Meaning is constructed through contextual cues or “local understanding” (Barrett, 2006). The situational and social environment provides a reference frame for encoding and decoding messages. Senders choose words and signals they believe will resonate based on contextual knowledge, while receivers interpret signals against this backdrop.

For example, an email announcing bonuses during a strong organisational performance will likely be received positively, while the message sent during hardship may provoke a backlash. Messages only acquire meaning through contextualization. Thus, effective communicators consider situational factors during encoding and decoding.

Channel Selection

Communication channels differ in information capacity. The channel must align information richness requirements with message complexity (Men, 2014). Simple, unequivocal messages are best suited to lean channels like text, while complex, nuanced messages require richer channels enabling immediate feedback such as video conferencing.

Beyond information richness, channel selection depends on audience, objectives, and context. For example, email and intranet suit frequent organization-wide broadcasts, while town halls allow dialogue (Madlock, 2008). Confidential negotiations warrant private face-to-face discussion. Moreover, some cultures prefer verbal over written communication (Madlock, 2008). Selecting channels aligned with message requirements, audience preferences, and cultural norms enhances communication efficacy.

Cultural Differences

Cultural variability in communication styles, norms, and values shapes encoding and decoding (Madlock, 2008). Cultures differ on dimensions like power distance, individualism, masculinity, uncertainty avoidance, and contextualisation, which influence communication (Hofstede, 1984; Men, 2014). For instance, high power distance cultures encode messages with deference to hierarchy, while egalitarian cultures speak directly and explicit (Men, 2014).

Likewise, communication in collectivist cultures emphasizes group harmony, while individualist cultures value frankness (Hofstede, 1984). Masculine cultures use decisive, authoritative language, while feminine cultures aim to include and build consensus (Madlock, 2008). Those avoiding uncertainty prefer explicit, unambiguous messages, while others tolerate ambiguity. Finally, low-context cultures encode complete, direct meanings, while high-context cultures embed meaning in contextual cues (Men, 2014).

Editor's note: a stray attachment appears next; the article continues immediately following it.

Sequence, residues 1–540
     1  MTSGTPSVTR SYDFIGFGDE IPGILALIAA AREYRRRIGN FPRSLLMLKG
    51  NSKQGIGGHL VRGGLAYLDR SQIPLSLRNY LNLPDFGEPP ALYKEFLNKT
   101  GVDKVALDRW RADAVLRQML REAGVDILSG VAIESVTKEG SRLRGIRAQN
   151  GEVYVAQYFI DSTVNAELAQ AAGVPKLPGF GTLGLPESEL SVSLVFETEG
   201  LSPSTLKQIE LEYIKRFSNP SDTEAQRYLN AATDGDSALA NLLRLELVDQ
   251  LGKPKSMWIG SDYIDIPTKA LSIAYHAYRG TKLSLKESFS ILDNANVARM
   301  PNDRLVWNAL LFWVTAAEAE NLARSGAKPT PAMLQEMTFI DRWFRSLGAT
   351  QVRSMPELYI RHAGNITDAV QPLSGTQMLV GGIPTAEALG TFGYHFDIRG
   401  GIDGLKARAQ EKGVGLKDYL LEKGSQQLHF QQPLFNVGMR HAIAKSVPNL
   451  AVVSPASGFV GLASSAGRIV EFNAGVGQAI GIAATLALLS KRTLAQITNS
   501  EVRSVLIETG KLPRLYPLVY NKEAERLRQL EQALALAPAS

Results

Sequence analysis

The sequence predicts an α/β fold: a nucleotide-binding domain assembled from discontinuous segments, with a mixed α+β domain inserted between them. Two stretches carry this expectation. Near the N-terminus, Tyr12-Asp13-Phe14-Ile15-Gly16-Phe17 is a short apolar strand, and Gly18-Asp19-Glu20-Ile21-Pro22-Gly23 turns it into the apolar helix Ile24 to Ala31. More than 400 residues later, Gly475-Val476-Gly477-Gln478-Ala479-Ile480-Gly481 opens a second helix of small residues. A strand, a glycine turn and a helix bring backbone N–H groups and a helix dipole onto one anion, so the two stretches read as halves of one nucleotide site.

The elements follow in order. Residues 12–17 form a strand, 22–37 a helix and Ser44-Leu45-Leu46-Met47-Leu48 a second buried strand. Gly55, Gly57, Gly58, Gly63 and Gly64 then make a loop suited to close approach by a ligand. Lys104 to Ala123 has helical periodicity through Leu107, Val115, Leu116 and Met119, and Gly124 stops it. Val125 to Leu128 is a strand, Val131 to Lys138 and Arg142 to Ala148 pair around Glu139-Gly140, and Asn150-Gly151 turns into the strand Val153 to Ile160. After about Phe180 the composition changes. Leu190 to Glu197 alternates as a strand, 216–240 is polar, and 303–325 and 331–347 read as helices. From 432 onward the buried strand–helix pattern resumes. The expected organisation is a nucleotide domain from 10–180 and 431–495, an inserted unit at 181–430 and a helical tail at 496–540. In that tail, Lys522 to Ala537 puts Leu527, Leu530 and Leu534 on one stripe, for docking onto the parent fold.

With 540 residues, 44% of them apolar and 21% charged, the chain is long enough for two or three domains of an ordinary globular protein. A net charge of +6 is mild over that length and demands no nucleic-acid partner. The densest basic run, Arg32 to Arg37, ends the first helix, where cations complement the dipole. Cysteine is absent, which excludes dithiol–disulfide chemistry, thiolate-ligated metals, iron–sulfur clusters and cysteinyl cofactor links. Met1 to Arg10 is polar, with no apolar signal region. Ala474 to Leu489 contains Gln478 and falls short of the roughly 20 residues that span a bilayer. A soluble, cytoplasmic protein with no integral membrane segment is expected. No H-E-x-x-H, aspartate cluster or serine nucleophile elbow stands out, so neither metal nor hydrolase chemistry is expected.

These cultural leanings lead to variability in encoding and decoding, requiring sensitivity. Placing communication in cultural context clarifies intent and meaning.

Active Listening

Active listening facilitates effective decoding by demonstrating interest and summarising key points to confirm understanding (Barrett, 2006). However, most only passively hear words without absorbing meaning.

Active listening involves attending, paraphrasing content and reflecting feelings (Barrett, 2006). Attending means focusing fully on the speaker through nonverbal signals like eye contact and posture. Paraphrasing at strategic points summarises main ideas to demonstrate comprehension. Reflecting feelings identifies implied emotions (“You seem frustrated. Is that right?”).

By fully concentrating, absorbing content, and testing interpretation, active listeners decode messages accurately (Barrett, 2006). Active listening signals respect, builds rapport and facilitates open dialogue.

Thus, active listening is a decoding skill organisations should cultivate, complementing encoding skills like structuring messages logically and expressing ideas precisely. Communication is a two-way process requiring joint commitment.


Communication is the lifeblood of organisations, enabling coordination, engagement, productivity and innovation. However, barriers can impede effective encoding and decoding. Context shapes message construction, meaning and interpretation. Channel selection must align information richness requirements, objectives and audience needs. Cultural variability necessitates sensitivity to communication norms and values. Active listening facilitates decoding by demonstrating comprehension. Considering these influences allows organisations to communicate effectively. Nurturing open, multidirectional communication is vital for organisational health and performance.


Barrett, D. J. (2006). Strong communication skills a must for today’s leaders. Handbook of Business Strategy, 7(1), 385-390.

Hofstede, G. (1984). Cultural dimensions in management and planning. Asia Pacific Journal of Management, 1(2), 81-99.

Madlock, P. E. (2008). The link between leadership style, communicator competence, and employee satisfaction. Journal of Business Communication, 45(1), 61-78.

Men, L. R. (2014). Strategic internal communication: Transformational leadership, communication channels, and employee satisfaction. Management Communication Quarterly, 28(2), 264-284.

Zerfass, A., Verčič, D., Verhoeven, P., Moreno, A., & Tench, R. (2018). European communication monitor 2018. Towards a new golden age for communication? Results of a survey in 48 countries. EUPRERA/EACD.